Murres (guillemots in Britain) like to nest on seaside cliffs. This defense against predators, however, comes with the risk of their eggs rolling off. Murres are also known among ornithologists for the unusually pointy shape of their eggs, more teardrop than chicken egg. The connection seemed obvious, but it took the intervention of a 3D printer to prove that the birds' unique egg shape helps prevent it from rolling off the cliff.
Common and thick-billed murres are distributed along the coastlines of most of the Northern Hemisphere. Dr Mark Hauber of the University of Illinois notes in the Journal of Experimental Biology that their nesting ledges can be “as shallow as the egg is long.” Between the occasional clumsy parent and the force of coastal winds, eggs that moved too easily presumably paid a high evolutionary price.
Birds with eggs shaped in ways that made them slightly less prone to falling had a breeding advantage, on which natural selection could work. Still, proving murres' eggs really are best suited to preventing their unhatched offspring from plummeting to the rocks below has been something of a challenge.
Indeed, a study published in Science last year shows fear of falling is not the only factor in egg shape. After examining 50,000 eggs from 1,400 species, the authors concluded that the parental birds' style of flight influences egg shape more than where it nests.
“Very little is known about how the murre egg shape affects its stability and viability in this setting,” Hauber said in a statement. “But earlier studies failed to isolate specific features of the eggs – such as elongation, asymmetry and conicality – to robustly test this hypothesis.”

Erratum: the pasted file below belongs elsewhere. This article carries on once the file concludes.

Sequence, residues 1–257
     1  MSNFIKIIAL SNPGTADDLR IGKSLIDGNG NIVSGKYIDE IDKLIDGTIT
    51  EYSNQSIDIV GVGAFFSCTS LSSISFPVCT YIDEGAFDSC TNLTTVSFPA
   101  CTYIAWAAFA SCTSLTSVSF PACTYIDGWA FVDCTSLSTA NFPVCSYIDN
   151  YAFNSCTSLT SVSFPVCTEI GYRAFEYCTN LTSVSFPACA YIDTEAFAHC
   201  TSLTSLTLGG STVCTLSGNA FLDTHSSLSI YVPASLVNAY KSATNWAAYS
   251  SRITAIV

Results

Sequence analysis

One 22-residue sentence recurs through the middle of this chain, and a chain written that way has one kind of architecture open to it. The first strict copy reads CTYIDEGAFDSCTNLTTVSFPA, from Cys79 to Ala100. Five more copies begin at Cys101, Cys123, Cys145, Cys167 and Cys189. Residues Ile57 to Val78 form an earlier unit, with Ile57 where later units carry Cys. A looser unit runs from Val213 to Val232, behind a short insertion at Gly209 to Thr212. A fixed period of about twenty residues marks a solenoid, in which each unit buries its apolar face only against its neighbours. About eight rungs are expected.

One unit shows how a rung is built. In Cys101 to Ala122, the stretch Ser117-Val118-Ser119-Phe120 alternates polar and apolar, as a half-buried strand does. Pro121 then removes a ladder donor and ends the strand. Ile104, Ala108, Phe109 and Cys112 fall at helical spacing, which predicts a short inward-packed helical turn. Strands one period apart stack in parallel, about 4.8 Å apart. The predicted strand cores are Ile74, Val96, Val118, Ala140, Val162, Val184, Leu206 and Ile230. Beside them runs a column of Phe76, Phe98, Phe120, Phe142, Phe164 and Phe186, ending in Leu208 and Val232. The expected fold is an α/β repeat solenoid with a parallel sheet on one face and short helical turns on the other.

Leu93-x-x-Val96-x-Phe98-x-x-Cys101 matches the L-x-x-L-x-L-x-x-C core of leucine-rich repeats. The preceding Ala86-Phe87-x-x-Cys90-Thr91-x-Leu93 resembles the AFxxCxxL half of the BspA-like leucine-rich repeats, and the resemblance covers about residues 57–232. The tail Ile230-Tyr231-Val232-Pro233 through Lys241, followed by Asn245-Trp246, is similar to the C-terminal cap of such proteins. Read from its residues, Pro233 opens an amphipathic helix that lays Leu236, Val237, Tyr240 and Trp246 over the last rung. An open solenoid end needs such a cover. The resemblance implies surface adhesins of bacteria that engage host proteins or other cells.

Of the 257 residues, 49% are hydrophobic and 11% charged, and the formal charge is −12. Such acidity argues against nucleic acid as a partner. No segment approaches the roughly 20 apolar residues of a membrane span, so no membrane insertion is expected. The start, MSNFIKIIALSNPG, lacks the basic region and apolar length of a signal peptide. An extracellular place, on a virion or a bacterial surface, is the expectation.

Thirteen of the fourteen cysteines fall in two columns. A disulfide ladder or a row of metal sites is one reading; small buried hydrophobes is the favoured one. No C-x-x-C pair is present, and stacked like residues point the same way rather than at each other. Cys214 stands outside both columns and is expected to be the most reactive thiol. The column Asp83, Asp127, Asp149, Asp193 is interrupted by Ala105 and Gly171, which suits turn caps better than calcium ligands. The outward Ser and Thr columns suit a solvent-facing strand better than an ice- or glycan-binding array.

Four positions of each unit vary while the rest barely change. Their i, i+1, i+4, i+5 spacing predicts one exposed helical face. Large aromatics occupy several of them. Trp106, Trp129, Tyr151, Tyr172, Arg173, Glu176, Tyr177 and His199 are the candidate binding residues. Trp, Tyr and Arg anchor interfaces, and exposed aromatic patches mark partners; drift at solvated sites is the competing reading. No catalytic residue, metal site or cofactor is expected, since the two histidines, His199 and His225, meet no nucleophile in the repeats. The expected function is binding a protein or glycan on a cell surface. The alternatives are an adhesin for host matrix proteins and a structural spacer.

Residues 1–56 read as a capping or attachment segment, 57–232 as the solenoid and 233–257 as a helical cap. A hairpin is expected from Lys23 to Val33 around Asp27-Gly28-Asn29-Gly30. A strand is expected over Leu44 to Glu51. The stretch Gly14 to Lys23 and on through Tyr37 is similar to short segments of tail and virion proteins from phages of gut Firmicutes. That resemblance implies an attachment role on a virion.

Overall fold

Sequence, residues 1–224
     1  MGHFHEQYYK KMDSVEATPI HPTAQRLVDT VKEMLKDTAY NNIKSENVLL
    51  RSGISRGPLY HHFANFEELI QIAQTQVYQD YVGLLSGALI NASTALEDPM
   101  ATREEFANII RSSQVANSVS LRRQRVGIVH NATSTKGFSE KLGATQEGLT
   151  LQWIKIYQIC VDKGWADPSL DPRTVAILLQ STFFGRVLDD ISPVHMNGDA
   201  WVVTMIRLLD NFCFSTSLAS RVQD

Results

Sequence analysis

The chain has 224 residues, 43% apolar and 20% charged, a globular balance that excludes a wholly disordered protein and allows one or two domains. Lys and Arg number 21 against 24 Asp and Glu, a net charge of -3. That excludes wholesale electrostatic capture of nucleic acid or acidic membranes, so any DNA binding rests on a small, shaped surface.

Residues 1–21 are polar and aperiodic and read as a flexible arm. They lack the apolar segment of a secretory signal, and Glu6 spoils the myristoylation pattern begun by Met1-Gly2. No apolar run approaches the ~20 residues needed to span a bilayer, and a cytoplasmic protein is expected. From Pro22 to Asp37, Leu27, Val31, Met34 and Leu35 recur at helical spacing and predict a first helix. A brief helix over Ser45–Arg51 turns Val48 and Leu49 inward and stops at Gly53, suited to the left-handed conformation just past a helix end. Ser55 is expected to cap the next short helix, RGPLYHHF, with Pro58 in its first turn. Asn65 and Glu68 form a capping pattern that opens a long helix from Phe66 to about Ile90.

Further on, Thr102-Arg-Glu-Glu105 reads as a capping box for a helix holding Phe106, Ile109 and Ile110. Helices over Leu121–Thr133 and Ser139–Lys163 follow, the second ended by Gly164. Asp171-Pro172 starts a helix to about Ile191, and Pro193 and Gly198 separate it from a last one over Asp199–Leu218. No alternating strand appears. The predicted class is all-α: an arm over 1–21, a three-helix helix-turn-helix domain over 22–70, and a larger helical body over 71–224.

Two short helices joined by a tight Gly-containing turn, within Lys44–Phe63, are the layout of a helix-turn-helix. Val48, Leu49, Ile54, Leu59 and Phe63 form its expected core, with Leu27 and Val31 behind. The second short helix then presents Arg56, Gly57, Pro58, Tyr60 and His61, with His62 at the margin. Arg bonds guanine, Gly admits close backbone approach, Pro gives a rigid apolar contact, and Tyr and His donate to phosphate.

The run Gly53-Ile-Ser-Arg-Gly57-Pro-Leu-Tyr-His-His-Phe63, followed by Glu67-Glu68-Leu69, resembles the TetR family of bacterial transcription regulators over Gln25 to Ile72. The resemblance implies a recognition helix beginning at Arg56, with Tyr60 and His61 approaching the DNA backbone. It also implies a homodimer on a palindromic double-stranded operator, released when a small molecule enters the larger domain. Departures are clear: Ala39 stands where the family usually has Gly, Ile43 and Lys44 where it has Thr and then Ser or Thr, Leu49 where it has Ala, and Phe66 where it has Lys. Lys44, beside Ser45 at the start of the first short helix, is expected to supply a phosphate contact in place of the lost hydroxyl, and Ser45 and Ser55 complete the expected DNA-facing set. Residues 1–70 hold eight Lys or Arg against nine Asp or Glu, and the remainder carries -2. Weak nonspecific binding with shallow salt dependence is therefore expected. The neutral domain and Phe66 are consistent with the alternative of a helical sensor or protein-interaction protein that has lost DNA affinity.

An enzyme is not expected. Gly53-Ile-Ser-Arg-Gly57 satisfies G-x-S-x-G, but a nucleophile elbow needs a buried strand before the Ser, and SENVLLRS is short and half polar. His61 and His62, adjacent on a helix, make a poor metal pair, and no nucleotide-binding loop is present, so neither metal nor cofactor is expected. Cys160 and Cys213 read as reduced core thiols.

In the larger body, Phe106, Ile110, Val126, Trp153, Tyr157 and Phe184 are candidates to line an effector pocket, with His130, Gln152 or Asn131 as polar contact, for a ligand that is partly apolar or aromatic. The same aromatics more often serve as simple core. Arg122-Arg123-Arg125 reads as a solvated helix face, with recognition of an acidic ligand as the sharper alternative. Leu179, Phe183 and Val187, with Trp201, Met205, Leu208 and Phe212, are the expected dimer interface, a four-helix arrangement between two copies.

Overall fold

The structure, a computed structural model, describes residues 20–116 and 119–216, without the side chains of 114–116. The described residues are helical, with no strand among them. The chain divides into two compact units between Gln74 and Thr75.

Hauber decided to test out a wide variety of egg shapes and see how they rolled under different sloping conditions. What might once have been a difficult task was made easy with the use of 3D printers, with silicone innards to mimic the weighting effect of the yoke.
"We found that conicality – the degree to which the pointed end of the egg mimicked a cone – suppressed egg displacement on surfaces inclined more than 2 degrees," Hauber said. The difference was minor for flatter surfaces.
Having a pointy end may be murre eggs' most obvious feature, but others also matter. The greater the ratio between an egg's length and its girth, the wider the circle in which it rolls, increasing the chance a bump will take it off the cliff edge. Similarly, the distance between the pointy end and the egg's widest part influences rolling radius.
All this makes it difficult to balance up the various factors and produce the least rollable egg, at least without creating something with flat sides. However, the slow march of evolution appears to have done the trick for murres.